How to keep brass from tarnishing

How to keep brass from tarnishing. Brass will tarnish quickly if exposed to oxygen.

The best way to keep brass from tarnishing is to apply a clear polyurethane sealer, which acts as a protective layer between the polished surface and air.

This prevents oxidation or other air-borne compounds from seeping into the material and causing discoloration.

By reapplying the coating every few years, you can provide ongoing protection so that your new material appears shiny and like-new without frequent polishing.

Despite the protective layer, you may experience some tarnishing over time; this is easy to remove by gently polishing with a soft cloth damped with water or brass cleaner.

How to keep brass from tarnishing

how to keep brass from tarnishing

Seal brass items to prevent tarnishing. When objects made from brass are polished, they need to be protected from oxidation. It is impossible to stop brass from tarnishing if it’s exposed to oxygen.

However, sealers can be used to coat brass objects, preventing them from becoming oxidized.”

Here are the things you’ll need

While lacquer may be one of the most effective methods for creating a polished and shining finish on brass, it can also create a slippery feel if applied.

By having your brass fixtures lacquered, you have to keep in mind that such a surface will no longer have the same silkiness or as it feels with regular paste wax or gives off when polishing with just soap and water.

1. Coat exterior brass with a non-toxic brass coating. Interior brass, which tends to be away from places that get dusted or cleaned on the regular, may not need a coating to keep it tarnish-free because it isn’t exposed to the same kind of wear and tear on the surface as exterior brass is.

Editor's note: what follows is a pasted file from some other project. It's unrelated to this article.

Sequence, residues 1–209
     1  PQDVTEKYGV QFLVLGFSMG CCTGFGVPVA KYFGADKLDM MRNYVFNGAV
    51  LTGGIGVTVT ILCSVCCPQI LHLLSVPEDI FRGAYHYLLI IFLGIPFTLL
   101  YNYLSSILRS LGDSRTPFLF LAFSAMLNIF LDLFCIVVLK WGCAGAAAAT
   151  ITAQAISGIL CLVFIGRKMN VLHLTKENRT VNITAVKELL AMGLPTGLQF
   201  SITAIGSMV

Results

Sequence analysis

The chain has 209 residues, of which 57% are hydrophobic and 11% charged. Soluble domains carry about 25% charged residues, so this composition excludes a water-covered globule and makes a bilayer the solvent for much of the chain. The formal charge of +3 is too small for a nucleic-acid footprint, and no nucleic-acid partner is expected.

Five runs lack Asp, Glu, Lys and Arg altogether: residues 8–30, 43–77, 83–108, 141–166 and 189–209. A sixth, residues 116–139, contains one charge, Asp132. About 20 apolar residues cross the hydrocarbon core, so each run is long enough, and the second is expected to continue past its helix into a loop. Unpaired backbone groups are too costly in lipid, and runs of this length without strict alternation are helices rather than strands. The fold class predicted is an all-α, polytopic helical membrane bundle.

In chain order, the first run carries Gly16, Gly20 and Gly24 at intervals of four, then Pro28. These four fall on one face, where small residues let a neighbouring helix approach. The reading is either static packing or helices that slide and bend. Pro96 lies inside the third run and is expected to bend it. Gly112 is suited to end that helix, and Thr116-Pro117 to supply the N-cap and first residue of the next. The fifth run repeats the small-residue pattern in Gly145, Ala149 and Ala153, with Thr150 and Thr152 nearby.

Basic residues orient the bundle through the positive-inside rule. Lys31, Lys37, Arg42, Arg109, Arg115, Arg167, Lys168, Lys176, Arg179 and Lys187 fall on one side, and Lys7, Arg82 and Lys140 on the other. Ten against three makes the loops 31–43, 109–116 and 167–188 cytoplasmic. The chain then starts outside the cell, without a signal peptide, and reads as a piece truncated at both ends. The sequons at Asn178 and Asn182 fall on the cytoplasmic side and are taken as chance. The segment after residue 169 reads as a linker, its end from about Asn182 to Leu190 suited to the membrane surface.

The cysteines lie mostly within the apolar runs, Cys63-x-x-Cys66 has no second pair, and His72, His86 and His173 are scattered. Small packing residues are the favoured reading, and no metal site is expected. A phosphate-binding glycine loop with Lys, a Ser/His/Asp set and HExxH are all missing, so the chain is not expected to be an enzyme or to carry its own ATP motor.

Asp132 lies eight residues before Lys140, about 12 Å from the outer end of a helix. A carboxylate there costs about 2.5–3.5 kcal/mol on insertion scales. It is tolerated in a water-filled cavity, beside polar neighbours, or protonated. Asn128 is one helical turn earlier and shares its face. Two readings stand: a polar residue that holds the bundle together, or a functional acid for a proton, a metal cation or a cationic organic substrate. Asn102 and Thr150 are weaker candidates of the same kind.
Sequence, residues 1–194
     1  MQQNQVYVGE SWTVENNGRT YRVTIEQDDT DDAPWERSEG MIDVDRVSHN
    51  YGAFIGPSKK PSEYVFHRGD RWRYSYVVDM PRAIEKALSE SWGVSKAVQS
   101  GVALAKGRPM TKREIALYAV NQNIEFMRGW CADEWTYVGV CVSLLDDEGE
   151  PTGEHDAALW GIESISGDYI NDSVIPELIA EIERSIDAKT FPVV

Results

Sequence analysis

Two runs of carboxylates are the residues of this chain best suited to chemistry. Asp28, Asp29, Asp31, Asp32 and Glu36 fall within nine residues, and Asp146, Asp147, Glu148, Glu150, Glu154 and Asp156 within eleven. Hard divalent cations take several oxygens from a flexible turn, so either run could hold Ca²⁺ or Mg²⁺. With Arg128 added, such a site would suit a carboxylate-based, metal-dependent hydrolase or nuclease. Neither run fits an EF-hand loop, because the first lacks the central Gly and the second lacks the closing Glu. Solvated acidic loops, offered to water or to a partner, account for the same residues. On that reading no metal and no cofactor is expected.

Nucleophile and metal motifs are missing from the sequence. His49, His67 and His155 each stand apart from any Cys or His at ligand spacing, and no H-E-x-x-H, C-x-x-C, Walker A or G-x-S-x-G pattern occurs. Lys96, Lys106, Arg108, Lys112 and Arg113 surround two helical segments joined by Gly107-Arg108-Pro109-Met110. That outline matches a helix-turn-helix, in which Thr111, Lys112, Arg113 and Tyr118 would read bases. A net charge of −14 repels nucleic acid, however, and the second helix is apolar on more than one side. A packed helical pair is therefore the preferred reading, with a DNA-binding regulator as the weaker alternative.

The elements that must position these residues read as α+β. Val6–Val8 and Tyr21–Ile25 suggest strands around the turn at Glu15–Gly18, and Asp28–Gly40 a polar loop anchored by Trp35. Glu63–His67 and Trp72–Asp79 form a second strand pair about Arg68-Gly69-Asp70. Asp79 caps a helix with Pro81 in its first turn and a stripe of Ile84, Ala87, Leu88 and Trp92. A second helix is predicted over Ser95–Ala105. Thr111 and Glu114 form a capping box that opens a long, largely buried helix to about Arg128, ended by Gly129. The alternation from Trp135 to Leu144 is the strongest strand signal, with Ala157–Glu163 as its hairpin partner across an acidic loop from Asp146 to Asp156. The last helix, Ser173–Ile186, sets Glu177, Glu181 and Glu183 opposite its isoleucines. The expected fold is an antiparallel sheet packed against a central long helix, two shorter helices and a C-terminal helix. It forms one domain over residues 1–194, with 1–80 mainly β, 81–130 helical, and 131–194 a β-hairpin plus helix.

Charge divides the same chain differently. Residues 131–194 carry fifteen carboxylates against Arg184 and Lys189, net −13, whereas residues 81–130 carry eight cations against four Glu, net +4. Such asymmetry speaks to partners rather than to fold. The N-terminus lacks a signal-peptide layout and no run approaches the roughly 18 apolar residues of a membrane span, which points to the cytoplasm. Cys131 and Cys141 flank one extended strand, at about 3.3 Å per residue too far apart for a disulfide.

However, if you do decide to coat your interior brass fixtures and fittings, you must use a safe alternative because many of the chemicals in normal coatings can be harmful to you for multiple reasons.

2. To keep your brass fixtures from getting rusty, apply a new coating of wax once a week. Simply use a soft cloth and wipe the surface down to remove any gunk or build-up before applying a new coat.

If you don’t want to go out and buy new wax, it’s fine to use a little extra elbow grease and mix in some melted beeswax with old wax scraps secured in an old tin can.

Alternatively, you could slip up the shutter on your window and set the brass out in direct sunlight for about two hours. Bringing it inside just as the sun is setting will help replate your fixtures even faster.

3. Coating a metal such as brass with lacquer is key to ensuring that it will not tarnish over time.

Take some scrap metal and spray it once or twice with the lacquer before coating your actual brass fixtures because you want to be sure that the lacquer sprays clear and does not come out cloudy.

We recommend 3-5 coats of lacquer on each fixture, which should protect it from discoloration for an extended period of time thereafter.

4. Just like other metals, brass can corrode – it becomes bad when exposed to elements such as the sun and water. The same goes if you would scratch brass or polish it with different materials.

You can prevent this corrosion process by using lacquer on the selected brass component of your product so that you can have lasting shiny gear.

How to keep brass from tarnishing

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